model prediction. This procedure of analysis and model initialization has seen an exponential growth in the volume of observational geophysical data. The main purpose of this paper is to (1) critically evaluate how existing methods and tools scale up to the massive data challenge: and (2) explore new ideas/methods/tools appropriate for massive data sets problems in atmospheric science. Our interest and focus is in the joint exploration of the different facets of what we consider some of the weakest components of current data assimilation/fusion schemes in atmospheric and climate models as they attempt to process massive data sets. We firmly believe that since the problems are interdisciplinary, a comprehensive solution must bring together statisticians, atmospheric and computational scientists to explore general methodology towards the design of an efficient, truly open (i.e., standard interface), widely available system to answer this challenge. Recognizing that the greatest proliferation in data volume is due to satellite data, we discuss two specific problems that arise in the analysis of such data.
In a perfect assimilation scheme, the processing must allow merging of satellite and conventional data, interpolated in time and space, and for model validation, error estimation and error update. Even if the input and output data formats are compatible, and the physical model is reasonably well understood, the integration is hampered by several factors. These roadblocks include: the different assumptions made by each of the model components about the important physics and dynamics, error margins and covariance structure, uncertainty, inconsistent and missing data, different observing patterns of different sensors, and aliasing (Zeng and Levy, 1995).
The Earth Observing System and other satellites are expected to down-load massive amounts of data, and the proliferation of climate and General Circulation Models (GCM) will also make the integrated models more complex (e.g., review by Levy, 1992). Inconsistency and error limits in both the data and the modeling should be carefully studied. Since much of the data are new, methods must be developed which deal with the roadblocks just noted, and the transformation of the (mostly indirect) measured signal into a geophysical parameter.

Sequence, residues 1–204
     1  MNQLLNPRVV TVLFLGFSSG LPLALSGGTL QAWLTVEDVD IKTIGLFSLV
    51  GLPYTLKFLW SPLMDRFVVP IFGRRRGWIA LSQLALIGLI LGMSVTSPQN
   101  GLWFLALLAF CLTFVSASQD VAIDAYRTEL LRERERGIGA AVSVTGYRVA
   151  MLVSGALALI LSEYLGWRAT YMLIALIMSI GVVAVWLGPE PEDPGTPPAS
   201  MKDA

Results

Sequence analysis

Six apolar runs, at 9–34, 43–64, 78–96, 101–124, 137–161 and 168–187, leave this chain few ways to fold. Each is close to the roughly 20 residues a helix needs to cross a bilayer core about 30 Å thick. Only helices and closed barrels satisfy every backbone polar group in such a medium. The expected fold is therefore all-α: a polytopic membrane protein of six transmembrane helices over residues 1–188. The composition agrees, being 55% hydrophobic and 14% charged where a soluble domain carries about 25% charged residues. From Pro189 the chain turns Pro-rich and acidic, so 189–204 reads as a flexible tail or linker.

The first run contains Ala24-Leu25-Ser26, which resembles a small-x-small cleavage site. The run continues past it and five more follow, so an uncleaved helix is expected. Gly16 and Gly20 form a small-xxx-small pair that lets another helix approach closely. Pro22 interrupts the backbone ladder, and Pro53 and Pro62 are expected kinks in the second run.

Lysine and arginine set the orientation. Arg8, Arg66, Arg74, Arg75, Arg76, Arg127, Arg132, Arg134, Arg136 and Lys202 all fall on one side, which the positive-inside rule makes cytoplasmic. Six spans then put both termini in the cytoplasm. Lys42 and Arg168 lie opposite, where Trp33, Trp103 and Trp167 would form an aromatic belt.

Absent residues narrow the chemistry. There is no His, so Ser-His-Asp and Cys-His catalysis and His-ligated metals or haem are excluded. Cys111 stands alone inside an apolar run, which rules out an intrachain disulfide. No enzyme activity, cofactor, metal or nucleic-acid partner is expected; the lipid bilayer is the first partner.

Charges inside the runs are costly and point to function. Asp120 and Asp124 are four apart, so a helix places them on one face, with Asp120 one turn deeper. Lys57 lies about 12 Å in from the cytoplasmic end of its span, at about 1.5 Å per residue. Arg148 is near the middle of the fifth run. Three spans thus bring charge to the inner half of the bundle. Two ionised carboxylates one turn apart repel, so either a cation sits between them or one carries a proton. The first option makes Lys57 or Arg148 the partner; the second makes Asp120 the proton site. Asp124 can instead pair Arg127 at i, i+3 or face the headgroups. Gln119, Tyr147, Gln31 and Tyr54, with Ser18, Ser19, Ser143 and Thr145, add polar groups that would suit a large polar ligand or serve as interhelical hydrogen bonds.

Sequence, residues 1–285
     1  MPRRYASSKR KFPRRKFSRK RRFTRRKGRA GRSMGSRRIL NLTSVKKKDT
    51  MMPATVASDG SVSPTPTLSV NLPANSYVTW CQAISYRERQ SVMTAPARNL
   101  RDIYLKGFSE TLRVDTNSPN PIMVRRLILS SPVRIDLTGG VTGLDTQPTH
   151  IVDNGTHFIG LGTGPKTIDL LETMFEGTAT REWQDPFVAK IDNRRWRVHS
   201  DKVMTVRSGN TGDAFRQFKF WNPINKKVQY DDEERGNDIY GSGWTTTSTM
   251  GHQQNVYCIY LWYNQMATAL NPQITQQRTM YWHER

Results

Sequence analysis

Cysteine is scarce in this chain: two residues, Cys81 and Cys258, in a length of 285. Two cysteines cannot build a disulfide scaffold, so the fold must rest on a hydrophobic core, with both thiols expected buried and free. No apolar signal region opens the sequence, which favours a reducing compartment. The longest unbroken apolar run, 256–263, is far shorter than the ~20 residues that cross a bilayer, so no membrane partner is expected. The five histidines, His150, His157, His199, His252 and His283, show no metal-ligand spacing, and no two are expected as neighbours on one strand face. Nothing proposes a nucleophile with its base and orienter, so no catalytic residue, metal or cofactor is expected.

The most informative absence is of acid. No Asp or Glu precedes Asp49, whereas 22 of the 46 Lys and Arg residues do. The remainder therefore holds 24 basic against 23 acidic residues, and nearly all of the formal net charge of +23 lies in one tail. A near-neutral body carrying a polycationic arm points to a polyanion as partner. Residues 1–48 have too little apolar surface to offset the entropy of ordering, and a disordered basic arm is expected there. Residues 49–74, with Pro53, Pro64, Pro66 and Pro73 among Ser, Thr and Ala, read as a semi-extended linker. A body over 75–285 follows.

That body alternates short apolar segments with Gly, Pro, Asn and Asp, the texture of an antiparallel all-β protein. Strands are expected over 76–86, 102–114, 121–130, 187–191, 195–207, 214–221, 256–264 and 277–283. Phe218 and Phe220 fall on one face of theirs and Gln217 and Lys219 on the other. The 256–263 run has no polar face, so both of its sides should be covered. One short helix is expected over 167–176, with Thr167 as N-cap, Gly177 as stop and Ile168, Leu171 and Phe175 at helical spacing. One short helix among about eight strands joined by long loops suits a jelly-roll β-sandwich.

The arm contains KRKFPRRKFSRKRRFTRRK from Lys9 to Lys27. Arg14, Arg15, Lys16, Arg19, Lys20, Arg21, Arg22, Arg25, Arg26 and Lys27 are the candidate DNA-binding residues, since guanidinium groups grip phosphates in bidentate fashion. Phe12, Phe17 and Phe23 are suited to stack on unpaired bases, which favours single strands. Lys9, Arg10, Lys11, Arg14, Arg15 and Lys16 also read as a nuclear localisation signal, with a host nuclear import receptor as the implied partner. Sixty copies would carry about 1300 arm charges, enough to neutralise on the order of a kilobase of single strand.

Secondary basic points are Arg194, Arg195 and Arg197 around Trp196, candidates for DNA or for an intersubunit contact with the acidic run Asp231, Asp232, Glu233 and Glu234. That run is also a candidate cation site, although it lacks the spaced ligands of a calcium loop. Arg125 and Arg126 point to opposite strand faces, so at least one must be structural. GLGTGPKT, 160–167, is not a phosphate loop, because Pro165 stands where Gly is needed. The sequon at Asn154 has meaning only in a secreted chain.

The problems mentioned above are exacerbated by the fact that very little interdisciplinary communication between experts in the relevant complementary fields takes place. As a consequence, solutions developed in one field may not be applied to problems encountered in a different discipline, efforts are duplicated, wheels re-invented, and data are inefficiently processed. The Sequoia 2000 project (Stonebraker et al., 1993) is an example of successful collaboration between global change researchers and computer scientists working on databases. Their team includes computer scientists at UC Berkeley, atmospheric scientists at UCLA, and oceanographers at UC Santa Barbara. Data collected and processed include effects of ozone depletion on ocean organisms and Landsat Thematic Mapper data. However, much of the data management and statistical methodology in meteorology are still being developed 'in house' and are carried out by atmospheric scientists rather than in collaborative efforts. Meanwhile, many statisticians do not use available and powerful physical constraints and models and are thus faced with the formidable task of fitting to data statistical models of perhaps unmanageable dimensionality.
As a preamble, we describe in the next section the satellite data: volumes, heterogeneity, and structure, along with some special problems such data pose. We then describe some existing methods and tools in section three and critically evaluate their performance with massive data sets. We conclude with some thoughts and ideas of how methods can be